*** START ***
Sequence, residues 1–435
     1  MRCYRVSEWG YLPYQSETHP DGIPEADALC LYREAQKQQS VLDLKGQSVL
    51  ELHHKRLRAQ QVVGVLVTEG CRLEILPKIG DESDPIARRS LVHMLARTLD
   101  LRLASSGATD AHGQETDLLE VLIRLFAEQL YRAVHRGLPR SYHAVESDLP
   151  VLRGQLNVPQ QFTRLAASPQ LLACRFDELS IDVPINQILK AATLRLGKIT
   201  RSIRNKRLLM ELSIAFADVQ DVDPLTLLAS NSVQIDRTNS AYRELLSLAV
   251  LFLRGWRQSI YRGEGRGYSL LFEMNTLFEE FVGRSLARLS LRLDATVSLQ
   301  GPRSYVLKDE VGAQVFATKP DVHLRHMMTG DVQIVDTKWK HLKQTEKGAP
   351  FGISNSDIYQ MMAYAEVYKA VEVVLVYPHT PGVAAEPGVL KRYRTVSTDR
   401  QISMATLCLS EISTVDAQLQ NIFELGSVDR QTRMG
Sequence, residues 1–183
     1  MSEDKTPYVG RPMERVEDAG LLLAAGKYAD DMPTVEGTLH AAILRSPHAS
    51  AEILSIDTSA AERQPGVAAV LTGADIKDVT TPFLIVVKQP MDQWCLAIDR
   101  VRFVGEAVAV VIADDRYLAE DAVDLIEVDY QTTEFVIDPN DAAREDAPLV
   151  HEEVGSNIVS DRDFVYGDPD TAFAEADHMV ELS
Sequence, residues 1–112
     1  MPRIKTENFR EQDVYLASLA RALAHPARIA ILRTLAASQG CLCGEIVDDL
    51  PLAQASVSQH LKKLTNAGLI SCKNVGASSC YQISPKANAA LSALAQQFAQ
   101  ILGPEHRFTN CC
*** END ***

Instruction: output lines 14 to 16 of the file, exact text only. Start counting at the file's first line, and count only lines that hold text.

   101  VRFVGEAVAV VIADDRYLAE DAVDLIEVDY QTTEFVIDPN DAAREDAPLV
   151  HEEVGSNIVS DRDFVYGDPD TAFAEADHMV ELS
Sequence, residues 1–112